Liverpool have appointed Kenny Dalglish as a non-executive director at Anfield.
The 62-year-old, who was sacked as manager in May 2012 following an eighth-placed Premier League finish, will take up the post with immediate effect following discussions with the club's American owners, Fenway Sports Group, and Brendan Rodgers.
Liverpool claim the club will benefit from the appointment "not just from the Anfield legend's decades of experience, but also his close affinity with supporters".
"It is an honour and privilege to be asked to return to Liverpool as a director of the club," Dalglish said.
"I have always said if there is anything I could do to help this club I would make myself available - when the call came I had no hesitation.
"I am looking forward to working with the board of directors and contributing to the strategic issues that affect Liverpool Football Club.
"Liverpool has given me and my family so much since we came here just over 36 years ago and my priority is and will always be to have the club's best interests at heart."
As a player, Dalglish made 515 appearances for Liverpool before guiding the club to three First Division titles during his six-year reign as manager. The Scot returned to Anfield as a caretaker boss in January 2011 and was offered a three-year deal the following May.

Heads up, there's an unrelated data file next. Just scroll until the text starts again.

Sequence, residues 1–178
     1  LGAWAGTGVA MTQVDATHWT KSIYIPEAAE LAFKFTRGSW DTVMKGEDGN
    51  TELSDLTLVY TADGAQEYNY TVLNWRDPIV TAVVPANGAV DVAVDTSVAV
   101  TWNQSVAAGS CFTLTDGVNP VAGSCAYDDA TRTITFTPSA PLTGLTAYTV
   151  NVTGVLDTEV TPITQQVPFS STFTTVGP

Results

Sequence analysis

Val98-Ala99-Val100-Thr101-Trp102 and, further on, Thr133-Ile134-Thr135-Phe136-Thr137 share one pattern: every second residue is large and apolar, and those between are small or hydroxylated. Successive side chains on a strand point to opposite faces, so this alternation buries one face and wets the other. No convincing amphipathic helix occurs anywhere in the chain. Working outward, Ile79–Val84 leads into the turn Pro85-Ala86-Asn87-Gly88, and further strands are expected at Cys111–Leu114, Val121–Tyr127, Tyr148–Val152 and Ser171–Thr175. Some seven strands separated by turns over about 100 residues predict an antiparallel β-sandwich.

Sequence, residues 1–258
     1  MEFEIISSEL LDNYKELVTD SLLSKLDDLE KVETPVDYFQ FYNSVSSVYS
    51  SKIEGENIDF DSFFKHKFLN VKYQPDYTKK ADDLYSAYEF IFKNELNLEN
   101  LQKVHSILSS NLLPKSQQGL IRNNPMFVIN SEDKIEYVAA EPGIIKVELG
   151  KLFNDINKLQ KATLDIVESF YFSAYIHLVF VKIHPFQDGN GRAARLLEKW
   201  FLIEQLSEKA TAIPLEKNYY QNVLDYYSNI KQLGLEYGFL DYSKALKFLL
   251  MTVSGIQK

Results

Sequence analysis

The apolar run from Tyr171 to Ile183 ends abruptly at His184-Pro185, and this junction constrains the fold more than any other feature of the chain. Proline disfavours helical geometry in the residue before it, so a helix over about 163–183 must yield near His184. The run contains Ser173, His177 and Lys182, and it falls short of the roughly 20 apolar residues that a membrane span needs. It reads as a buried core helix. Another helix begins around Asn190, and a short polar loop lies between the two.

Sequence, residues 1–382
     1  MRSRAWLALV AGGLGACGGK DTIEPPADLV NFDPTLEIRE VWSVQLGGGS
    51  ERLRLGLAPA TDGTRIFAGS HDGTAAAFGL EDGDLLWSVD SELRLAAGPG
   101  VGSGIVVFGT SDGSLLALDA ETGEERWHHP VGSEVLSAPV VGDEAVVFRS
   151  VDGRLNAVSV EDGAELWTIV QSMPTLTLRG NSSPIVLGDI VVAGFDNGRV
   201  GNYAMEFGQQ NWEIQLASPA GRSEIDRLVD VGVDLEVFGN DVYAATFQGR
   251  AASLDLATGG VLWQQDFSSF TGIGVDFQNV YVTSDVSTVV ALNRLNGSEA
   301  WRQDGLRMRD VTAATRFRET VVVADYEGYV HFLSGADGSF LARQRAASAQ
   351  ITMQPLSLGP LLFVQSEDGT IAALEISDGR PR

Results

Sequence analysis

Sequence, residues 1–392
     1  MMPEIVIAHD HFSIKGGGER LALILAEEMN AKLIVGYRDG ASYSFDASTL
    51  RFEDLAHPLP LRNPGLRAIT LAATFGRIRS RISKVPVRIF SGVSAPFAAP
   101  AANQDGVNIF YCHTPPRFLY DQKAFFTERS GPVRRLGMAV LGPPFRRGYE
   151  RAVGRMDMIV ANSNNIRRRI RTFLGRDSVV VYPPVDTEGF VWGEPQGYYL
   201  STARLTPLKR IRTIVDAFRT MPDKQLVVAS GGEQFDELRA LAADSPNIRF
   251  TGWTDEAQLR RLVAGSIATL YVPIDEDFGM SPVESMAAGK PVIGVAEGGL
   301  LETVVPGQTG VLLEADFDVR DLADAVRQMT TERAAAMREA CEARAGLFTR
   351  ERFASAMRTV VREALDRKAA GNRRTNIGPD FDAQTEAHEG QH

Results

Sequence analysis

Despite winning the Capital One Cup during his second stint as manager, Dalglish was criticised for the manner in which he handled the Luis Suarez racism incident involving Patrice Evra, which subsequently saw the Uruguayan banned for eight games.
"We are delighted Kenny has accepted our offer to join Liverpool as a non-executive board director and we are sure he will make a valuable contribution to the club’s strategy," said Liverpool's principal owner John W Henry.
"Kenny has a unique relationship with our supporters and embodies everything that is special about Liverpool. We are thrilled that the club will benefit from his experience and passion for the club and our supporters.
'Kenny has a unique insight on the values and traditions that helped to make Liverpool one of the greatest sporting institutions, not just in football, but in world sport. We are proud and honoured to have him back at the club he has represented with such distinction."
Rodgers, whose side currently sit second in the Premier League after six games, admits he was impressed by Dalglish's desire to see turn Liverpool into title challengers.
"When I met with Kenny to discuss this appointment, I was struck by the passion and drive he still has in wanting to see Liverpool return to where it should be; one of the most successful clubs in the world," said Rodgers.
"We are all together in that goal - owners and supporters, players and management and also icons such as Kenny Dalglish. I want people around us who have this club and what it stands for in their heart."